Remember how, in my last blog entry, I mentioned a store in Hasting, Mn that carried Mata Ortiz pottery?
Well, I am very pleased to say that for my birthday, I received no less than three gorgeous pieces (bought from Mississippi Clayworks) from that little town that lies in Mexico just south of Arizona and New Mexico.
I am so thrilled with these amazing pots that I wanted to write just a little more about Mata Ortiz (what little I know) and to post photos of these amazing pots. I first heard of Juan Quezada when I encountered a children’s book “Juan Quezada” by Shelley Dale. After that I made a specific effort to see a short term exhibit at the Chicago Field Museum and I was stunned. These were incredible pots with intricate decorations. They sold a few small ones in the gift shop but they were beyond my means.
Here is my new personal collection!
This first pot is a small seed pot. the opening is small so that one could seal it agains mice with just a nice flat stone. It is approximately 2.5″hx 4.5″w
Also she put a bird on the underside! This is something I like to do too!
A few years ago, I took a workshop from Michael Wisner at Lill Street. He has worked with many of the indigenous potters in the southwest including one of my idols (now deceased) Maria Martinez. He was able to answer some questions- one of which was about the brushes that Juan Quezada uses- Juan found that the hair of children is softest and used some from his grandaughter. Mike told a story about going to her and she just matter-of-fact-ly held up her hair so they could take some from the nape of her neck under her hair where it wouldn’t show!
So I imagine the brush that painted these teeny lines was made of child’s hair.
This is a less traditionally functional pot although the shape is not uncommon.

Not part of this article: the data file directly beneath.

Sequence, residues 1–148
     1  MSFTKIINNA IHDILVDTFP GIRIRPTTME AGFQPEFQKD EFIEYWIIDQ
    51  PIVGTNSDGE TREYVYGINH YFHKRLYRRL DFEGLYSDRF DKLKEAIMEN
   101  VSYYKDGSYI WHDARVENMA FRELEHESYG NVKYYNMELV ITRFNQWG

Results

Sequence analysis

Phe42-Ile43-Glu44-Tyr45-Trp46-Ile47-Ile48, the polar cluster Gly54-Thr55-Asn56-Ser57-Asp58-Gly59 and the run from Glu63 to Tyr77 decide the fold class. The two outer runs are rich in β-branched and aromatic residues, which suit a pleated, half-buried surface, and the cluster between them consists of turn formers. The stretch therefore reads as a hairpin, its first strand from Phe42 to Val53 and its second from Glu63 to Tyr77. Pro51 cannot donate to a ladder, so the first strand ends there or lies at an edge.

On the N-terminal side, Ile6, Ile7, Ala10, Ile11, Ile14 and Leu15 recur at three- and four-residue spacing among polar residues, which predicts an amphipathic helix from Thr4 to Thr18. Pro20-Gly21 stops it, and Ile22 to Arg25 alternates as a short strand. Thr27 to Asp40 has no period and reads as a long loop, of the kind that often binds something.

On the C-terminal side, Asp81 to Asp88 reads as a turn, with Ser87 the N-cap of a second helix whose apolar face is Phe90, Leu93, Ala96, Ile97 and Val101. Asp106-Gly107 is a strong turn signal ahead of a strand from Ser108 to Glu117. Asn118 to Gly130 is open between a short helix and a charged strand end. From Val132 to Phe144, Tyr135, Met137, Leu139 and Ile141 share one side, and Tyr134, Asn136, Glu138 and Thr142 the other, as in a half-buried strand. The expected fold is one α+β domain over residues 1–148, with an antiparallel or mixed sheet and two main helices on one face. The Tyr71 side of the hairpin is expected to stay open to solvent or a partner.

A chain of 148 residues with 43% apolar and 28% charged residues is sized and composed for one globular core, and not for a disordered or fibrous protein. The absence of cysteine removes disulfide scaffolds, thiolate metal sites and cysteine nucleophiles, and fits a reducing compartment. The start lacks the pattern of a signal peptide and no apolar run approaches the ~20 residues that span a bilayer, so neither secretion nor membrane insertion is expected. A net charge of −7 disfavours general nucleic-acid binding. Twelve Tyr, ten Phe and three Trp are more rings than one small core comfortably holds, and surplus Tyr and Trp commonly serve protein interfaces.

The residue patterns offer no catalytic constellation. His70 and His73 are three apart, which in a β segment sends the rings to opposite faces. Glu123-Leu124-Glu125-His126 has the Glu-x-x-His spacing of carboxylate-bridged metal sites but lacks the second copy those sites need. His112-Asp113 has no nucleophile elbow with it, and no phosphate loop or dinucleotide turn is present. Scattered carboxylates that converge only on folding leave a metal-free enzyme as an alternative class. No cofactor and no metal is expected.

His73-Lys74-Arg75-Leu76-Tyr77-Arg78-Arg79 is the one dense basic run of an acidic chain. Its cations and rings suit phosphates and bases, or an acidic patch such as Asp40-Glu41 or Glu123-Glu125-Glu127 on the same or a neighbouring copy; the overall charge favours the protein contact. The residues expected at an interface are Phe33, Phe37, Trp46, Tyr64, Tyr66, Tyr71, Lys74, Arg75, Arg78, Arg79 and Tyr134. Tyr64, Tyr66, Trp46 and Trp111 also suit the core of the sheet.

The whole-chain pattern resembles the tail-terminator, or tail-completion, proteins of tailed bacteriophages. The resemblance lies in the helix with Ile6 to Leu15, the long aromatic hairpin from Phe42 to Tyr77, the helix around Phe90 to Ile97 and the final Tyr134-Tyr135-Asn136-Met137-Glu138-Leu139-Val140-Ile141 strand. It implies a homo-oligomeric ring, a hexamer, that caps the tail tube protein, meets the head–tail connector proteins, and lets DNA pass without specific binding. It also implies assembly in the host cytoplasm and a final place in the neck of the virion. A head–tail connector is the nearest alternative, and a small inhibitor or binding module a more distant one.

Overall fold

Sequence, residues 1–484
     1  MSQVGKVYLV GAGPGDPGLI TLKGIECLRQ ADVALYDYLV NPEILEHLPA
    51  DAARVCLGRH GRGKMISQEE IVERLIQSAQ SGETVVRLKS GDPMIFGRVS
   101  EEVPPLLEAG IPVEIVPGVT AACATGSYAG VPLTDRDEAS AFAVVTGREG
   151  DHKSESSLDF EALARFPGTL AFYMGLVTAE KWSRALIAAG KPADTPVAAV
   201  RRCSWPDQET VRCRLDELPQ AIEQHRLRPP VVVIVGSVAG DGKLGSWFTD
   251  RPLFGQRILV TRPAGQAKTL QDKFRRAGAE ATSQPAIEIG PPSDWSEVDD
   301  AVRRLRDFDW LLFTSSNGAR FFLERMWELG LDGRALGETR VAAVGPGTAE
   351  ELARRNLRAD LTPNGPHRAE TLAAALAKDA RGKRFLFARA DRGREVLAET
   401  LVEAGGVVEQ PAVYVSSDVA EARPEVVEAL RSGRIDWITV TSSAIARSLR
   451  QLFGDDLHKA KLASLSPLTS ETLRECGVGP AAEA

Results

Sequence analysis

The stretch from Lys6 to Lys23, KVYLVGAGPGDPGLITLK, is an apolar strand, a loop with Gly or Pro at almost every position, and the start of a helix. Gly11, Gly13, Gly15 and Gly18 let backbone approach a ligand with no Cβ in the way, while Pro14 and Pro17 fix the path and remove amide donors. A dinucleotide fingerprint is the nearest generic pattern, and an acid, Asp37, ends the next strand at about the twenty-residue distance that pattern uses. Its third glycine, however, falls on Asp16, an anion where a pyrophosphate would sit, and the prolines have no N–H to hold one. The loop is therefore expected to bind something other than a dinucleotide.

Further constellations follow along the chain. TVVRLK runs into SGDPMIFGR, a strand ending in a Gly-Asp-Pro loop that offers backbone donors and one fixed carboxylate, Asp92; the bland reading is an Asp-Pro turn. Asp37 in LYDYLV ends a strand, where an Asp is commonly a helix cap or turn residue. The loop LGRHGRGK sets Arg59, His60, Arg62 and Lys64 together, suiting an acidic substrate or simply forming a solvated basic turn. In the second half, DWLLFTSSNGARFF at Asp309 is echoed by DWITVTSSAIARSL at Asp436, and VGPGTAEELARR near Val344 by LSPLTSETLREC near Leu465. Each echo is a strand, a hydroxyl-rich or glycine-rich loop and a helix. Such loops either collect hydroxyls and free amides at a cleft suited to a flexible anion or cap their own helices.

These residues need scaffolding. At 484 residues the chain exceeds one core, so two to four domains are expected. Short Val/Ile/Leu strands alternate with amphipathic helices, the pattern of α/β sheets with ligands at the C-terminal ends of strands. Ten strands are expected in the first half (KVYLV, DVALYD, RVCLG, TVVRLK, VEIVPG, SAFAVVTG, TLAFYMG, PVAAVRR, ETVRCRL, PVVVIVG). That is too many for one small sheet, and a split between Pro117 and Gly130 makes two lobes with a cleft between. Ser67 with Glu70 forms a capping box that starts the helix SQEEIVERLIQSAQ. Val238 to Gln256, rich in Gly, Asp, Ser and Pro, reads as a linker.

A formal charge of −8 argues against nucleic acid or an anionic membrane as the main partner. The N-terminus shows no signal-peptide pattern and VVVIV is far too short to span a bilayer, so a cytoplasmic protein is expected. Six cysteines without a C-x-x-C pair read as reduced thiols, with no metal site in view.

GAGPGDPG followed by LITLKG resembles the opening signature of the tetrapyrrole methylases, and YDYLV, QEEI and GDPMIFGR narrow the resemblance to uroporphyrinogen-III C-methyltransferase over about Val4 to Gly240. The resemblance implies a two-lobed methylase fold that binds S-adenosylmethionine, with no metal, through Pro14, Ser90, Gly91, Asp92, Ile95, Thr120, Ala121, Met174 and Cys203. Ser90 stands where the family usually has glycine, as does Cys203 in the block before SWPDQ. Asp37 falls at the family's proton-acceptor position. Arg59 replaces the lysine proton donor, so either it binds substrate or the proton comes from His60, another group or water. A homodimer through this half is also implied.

It is around 6.5″h x 5″ w Lourdes Nuñez is the potter who made it.
This pot was given to me by my mother. These patterns are all hand painted with such a steady hand!
Inspiration for these patterns come from the ceramics Juan found in while gathering firewood in the 30’s and poking around as a young man. These shards and pots were made by the ancient cultures that lived near Mata Ortiz. One group was the Paquime indians who lived in the area from the 1200’s to the 1500’s.
Juan’s interest led him to experiment with clays and soils and minerals that he dug up. He figured if they would make those pots here, so could he. With no knowledge of clay processing or pottery making techniques, he taught himself how to make similar pots. Then he taught anyone in his town who wanted to learn. Now there are no less than 30 accomplished potters in Mata Ortiz and this has completely reversed the severe economic downturn they were experiencing. This is a great short video about it.
Lastly, I admit, this pot by Daniel Gonzalez captivated me immediately as I pressed my face against the glass of the window of the closed store. It’s big too! Roughly 12.5″hx 11″w.
This pot, in person, spectacular! It is large, extremely light and the pattern of the snakes is amazing! I love how they are “see through” and the way they curl and move around the curves of the pot, emphasizing and enhancing its voluptous curves.
All the pots have round bottoms and came with little padded rings to sit on. If you get a chance, try to experience these pots in person!